BEMIDJI -- The Bemidji High School girls swimming and diving team showed swiftness and stamina in the pool Tuesday, dominating Perham/New York Mills 196-116 and Thief River Falls 192-116 in a home meet at BHS.

The performance earned the Lumberjacks their first two wins of the young season, something head coach Woody Leindecker said would be instrumental in helping them build toward their goals for the rest of the year.

“We had several season-best times,” Leindecker said. “We're about a month into the season now, and we're getting into shape now. So our next phase here is we just need to, now that we're in shape, we'll just work on our speed and our race pacing things in practice.”

That improved pacing powered Bemidji to individual wins in the 200-yard freestyle (Mackenzie Raisch, 2:23.27), 200-yard individual medley (Abigail Daman, 2:39.20), 100-yard butterfly (Ryan Gaskins, 1:07.78), 500-yard freestyle (Mackenzie Raisch, 6:30.71), 100-yard breaststroke (Daman, 1:18.33) and 400-yard freestyle relay (Elena Harmsen, Mya Lundeen, Daman and Gaskins; 4:17.05).

Bemidji’s Ryan Gaskins swims the 200-yard medley relay in a meet Tuesday, Sept. 14, 2021, against Perham and Thief River Falls at Bemidji High School. (Jillian Gandsey / Bemidji Pioneer)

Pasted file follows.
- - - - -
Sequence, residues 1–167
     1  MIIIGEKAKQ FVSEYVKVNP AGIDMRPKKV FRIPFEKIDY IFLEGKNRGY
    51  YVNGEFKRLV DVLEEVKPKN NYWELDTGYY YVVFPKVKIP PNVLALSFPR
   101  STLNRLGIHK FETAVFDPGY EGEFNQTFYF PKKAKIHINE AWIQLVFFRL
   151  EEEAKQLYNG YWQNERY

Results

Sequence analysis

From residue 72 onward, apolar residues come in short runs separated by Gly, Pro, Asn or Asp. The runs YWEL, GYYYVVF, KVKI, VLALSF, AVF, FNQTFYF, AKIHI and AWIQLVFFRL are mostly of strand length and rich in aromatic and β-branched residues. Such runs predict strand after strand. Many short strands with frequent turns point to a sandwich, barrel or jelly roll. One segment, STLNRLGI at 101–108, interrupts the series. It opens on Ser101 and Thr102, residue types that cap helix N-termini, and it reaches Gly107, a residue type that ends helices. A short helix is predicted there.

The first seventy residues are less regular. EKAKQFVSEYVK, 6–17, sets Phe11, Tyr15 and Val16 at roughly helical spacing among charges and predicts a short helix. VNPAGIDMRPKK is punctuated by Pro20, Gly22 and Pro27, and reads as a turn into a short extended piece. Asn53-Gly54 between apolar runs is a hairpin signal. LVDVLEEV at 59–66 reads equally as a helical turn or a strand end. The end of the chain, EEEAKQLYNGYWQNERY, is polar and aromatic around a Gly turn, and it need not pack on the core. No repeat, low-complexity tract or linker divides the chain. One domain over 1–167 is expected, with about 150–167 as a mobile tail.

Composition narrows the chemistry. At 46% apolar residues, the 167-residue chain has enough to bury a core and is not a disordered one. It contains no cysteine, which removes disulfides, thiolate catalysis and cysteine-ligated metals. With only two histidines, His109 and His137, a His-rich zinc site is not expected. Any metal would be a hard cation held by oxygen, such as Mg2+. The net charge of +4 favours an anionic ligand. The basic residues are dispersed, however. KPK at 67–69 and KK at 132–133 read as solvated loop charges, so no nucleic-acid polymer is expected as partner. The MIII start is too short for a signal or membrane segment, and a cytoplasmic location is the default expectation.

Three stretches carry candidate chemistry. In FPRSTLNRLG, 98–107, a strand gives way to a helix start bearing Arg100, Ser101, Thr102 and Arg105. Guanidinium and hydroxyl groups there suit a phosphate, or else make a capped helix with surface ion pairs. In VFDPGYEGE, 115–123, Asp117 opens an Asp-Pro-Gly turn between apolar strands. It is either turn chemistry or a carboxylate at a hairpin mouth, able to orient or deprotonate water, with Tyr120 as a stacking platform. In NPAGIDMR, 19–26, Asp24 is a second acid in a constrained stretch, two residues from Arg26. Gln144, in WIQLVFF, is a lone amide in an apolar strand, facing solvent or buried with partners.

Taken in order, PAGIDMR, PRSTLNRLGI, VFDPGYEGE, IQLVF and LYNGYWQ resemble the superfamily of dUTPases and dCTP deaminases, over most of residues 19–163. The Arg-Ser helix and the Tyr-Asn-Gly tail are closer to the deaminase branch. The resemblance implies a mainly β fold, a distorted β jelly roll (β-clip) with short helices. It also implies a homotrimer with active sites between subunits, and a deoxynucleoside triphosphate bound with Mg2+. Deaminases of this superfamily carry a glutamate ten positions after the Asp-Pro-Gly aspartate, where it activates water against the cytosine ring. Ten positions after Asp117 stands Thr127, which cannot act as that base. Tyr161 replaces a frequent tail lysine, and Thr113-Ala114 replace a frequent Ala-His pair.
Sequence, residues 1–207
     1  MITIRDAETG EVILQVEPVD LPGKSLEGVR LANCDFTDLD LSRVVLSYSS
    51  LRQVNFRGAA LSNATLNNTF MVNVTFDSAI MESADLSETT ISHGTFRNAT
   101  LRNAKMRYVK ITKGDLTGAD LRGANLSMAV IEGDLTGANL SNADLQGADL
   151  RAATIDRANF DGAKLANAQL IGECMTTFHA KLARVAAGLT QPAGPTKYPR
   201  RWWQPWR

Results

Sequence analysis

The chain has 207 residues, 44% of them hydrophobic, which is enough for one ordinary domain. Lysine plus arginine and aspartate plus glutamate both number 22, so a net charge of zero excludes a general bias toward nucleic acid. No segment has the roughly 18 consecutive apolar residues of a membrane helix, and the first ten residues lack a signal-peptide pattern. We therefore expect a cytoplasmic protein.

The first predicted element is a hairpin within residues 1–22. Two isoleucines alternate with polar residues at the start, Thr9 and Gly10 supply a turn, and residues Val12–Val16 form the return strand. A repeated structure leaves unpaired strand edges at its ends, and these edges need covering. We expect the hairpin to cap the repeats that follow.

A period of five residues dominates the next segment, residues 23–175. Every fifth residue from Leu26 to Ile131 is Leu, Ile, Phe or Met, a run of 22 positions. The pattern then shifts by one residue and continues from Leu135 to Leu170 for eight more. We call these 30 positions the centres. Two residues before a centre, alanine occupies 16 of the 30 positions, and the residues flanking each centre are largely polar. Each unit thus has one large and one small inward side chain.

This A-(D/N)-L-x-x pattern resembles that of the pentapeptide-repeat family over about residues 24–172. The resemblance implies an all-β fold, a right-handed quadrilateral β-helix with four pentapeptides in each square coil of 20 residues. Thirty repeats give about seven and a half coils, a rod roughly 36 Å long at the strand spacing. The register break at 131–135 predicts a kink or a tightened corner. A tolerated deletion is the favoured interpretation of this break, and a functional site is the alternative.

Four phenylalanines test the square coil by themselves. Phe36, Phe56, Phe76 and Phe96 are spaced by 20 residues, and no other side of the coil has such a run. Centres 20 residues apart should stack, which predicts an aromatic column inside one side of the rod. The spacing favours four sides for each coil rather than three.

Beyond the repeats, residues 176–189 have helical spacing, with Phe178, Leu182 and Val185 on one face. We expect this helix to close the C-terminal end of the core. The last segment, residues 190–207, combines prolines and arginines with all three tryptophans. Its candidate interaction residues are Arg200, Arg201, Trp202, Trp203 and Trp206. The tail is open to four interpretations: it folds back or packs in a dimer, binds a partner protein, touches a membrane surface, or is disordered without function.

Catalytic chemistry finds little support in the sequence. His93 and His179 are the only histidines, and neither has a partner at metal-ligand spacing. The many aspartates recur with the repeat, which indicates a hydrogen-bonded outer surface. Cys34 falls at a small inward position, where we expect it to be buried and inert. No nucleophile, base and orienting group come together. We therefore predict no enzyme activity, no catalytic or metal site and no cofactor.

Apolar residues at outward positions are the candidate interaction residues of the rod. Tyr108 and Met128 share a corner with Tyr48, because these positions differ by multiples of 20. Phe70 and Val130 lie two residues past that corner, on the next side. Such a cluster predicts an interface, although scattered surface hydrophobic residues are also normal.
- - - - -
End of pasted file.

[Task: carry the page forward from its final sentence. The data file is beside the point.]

Bemidji’s Ryan Gaskins swims the 200-yard medley relay in a meet Tuesday, Sept. 14, 2021, against Perham and Thief River Falls at Bemidji High School. (Jillian Gandsey / Bemidji Pioneer)

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On the diving board, the Lumberjacks’ Mady Schmidt led all competitors with a score of 250.07, over 25 points above the second-place finisher.

The meet represented progress for BHS, which Leindecker hopes to build on in upcoming practices.

“Yeah, it's nice to win. And we'll have a little spring in our step at practice tomorrow,” he said. “If you get a best time when you're tired from training, it builds confidence, and you just want to keep grinding and see what happens in November.”

The Lumberjacks have a young team, one that has come along as the season has continued. Now, after a taste of success, the key will be to sustain growth to the end of the season.

"There comes a point with a swimmer where they'll hit a plateau, and everybody hits that plateau at a different time,” Leindecker said. “And when you do hit that plateau, it takes a little bit to learn how to swim fast (while) tired. And then when you can swim fast tired, then at the section championships when we're rested, that's where we want to peak. And that's what we're trying to do.”

Leindecker described this as a rebuilding year for a program that has had consistent success over the past decade. But though Bemidji has a preponderance of younger swimmers, its upperclassmen will play a key role in determining where the Lumberjacks will finish this season. In some ways, BHS will swim as far -- and as fast -- as its older leaders take it.

"I am seeing the young kids step up, but I am seeing a huge improvement from our upperclassmen this year,” Leindecker said. “They've all been doing a great job this season. They've been working hard and doing what they're asked to do. And it's showing in the pool. … (That's) big time because (in) any sport, your younger kids look up to the older kids.”

BHS returns to the water for the West Fargo Invite at 11 a.m. on Saturday, Sept. 18.